Atlanta-based Carter, one of the largest investment, development and advisory firms in the United States, recently started construction on phase two of a mixed-use project in downtown Columbus. Carter is working on the project together with local equity partners Bob Weiler and Don Kelley.
The project is a 325,000-square-foot redevelopment of the former Columbus City Mall and is projected to cost $50 million. It was recently named HighPoint at Columbus Commons; when finished, it will add 301 residential units and 23,000 square feet of first-floor retail space to downtown Columbus. Located on two acres along South High Street, HighPoint is part of the nine-acre Columbus Commons site.
The homes will be designed with a warm, red-brick traditional style. They will consist of studios, one- and two-bedroom units, as well as 11 two-level townhouses located on the park side of the building. It will offer residents such amenities as a swimming pool, a club room, a workout room and connection to the underground garage now available underneath Columbus Commons. Two restaurants will make up the retail part of the project. They will offer outdoor seating and views of the park and pavilion stage. The project is expected to be completed in December 2013.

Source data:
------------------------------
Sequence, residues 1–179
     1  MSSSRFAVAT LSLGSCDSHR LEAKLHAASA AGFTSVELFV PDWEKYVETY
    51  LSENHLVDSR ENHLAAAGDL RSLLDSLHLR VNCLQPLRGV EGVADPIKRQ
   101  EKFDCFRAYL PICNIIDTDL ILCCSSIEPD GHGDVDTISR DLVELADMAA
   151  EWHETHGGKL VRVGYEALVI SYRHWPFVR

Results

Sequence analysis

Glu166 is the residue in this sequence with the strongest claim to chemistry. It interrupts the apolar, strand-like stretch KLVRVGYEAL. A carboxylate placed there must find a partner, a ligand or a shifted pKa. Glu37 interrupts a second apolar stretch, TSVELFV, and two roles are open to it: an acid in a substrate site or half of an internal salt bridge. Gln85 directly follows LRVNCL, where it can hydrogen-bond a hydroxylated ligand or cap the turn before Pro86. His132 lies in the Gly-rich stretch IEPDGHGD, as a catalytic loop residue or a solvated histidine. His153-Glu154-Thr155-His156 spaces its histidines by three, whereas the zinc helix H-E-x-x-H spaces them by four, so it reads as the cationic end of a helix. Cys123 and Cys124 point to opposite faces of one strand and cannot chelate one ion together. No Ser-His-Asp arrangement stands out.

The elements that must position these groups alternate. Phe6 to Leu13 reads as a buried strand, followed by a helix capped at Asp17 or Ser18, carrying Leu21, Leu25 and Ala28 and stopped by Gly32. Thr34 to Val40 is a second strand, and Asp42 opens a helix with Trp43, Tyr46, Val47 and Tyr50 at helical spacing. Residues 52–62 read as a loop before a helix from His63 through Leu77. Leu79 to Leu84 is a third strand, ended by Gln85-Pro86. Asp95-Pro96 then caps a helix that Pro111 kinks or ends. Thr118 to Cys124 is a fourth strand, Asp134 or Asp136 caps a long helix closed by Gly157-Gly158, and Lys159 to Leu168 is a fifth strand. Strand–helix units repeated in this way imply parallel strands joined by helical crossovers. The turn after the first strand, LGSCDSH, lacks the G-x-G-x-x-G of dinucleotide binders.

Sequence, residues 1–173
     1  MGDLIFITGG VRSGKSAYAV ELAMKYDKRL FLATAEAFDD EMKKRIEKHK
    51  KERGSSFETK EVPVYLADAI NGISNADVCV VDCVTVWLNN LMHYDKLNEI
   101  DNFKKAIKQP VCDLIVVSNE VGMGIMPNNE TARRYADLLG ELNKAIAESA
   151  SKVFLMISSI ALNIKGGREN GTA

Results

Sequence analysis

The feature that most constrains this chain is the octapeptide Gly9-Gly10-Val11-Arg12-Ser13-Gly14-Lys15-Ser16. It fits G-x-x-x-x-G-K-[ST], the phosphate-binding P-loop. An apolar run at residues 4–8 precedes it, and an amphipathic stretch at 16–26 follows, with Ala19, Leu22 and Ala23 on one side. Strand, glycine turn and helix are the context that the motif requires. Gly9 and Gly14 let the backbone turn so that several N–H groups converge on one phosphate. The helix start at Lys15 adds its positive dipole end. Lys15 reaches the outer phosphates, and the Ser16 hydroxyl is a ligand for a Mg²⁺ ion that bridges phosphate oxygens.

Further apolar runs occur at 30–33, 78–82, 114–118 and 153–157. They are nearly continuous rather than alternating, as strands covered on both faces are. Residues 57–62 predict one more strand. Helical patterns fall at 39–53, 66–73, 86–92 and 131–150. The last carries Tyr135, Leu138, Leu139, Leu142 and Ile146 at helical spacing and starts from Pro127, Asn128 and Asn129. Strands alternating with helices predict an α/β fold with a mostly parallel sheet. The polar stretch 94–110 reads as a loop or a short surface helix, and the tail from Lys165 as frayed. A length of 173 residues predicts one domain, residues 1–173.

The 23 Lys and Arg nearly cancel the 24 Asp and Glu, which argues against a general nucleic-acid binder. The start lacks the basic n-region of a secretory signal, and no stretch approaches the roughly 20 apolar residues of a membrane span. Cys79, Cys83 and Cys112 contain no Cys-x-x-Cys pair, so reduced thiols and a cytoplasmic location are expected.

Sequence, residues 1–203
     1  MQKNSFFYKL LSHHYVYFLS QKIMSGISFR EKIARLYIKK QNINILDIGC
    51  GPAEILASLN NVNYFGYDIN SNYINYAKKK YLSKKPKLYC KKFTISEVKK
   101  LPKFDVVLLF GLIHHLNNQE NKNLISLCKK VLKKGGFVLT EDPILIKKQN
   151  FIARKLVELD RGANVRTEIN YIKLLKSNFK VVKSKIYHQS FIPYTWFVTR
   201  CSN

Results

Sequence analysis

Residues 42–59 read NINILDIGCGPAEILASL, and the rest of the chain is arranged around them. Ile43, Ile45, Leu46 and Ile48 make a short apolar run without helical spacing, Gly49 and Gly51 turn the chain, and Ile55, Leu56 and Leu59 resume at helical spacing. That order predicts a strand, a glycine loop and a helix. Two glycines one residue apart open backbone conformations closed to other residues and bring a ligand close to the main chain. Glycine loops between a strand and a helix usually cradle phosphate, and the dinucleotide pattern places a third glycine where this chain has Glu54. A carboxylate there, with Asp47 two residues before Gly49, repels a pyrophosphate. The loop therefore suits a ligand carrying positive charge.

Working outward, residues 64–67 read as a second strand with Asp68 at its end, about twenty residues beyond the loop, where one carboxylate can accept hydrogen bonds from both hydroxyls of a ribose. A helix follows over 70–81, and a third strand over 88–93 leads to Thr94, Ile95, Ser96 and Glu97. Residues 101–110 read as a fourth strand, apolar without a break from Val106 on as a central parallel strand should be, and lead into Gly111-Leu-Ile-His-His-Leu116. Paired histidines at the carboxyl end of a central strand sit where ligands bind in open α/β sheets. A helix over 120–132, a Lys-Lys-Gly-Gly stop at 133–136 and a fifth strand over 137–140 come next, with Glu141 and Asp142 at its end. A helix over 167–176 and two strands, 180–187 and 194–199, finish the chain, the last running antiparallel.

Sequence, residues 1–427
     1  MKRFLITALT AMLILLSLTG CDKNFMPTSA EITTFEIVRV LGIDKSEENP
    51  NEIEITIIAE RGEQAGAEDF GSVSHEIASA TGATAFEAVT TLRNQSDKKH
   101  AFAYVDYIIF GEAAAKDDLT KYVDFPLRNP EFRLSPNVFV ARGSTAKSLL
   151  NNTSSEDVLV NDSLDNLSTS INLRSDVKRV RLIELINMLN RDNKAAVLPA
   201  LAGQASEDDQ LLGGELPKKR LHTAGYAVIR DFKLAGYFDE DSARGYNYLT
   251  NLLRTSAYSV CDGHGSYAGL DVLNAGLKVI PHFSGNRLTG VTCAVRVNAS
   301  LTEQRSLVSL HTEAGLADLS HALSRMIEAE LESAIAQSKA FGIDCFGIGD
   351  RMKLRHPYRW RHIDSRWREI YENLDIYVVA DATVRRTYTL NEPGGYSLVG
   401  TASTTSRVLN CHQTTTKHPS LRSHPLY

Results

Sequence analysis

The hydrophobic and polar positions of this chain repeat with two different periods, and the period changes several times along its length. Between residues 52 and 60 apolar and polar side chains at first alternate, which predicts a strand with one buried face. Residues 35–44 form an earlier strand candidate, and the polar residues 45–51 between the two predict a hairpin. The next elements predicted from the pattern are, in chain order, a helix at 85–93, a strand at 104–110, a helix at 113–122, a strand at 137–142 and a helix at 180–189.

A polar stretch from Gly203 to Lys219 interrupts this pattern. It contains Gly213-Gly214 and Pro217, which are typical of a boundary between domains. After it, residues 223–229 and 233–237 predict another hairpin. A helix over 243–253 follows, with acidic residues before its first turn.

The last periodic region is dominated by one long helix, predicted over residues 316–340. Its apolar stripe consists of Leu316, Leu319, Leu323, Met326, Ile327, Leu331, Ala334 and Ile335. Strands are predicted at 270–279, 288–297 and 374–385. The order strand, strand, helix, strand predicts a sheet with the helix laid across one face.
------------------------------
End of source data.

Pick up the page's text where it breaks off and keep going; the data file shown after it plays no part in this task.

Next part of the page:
Carter acquired the land from Capitol South, the developer of Columbus Commons. Retail leasing will be provided by The Robert Weiler Co., while Village Green will be in charge of residential leasing and property management. Columbus-based Moody Nolan is the project’s architect, with Brasfield & Gorrie as the general contractor. Huntington National Bank is providing the construction loan with participation from Fifth Third and First Commonwealth banks.
The Columbus apartment market is currently strong, with vacancies at a 10-year low. Demand is high due to increased employment and population growth. In addition, the last financial crisis made people more cautious, and most now prefer renting over buying. According to Marcus & Millichap, overall vacancy is expected to decrease even more, to 6 percent this year, while rents will see a 2.9 percent annual increase and reach $701 per month. Effective rents will bump up 3.9 percent to $665 per month.
Charts courtesy of Marcus&Millichap.
Rendering courtesy of Carter.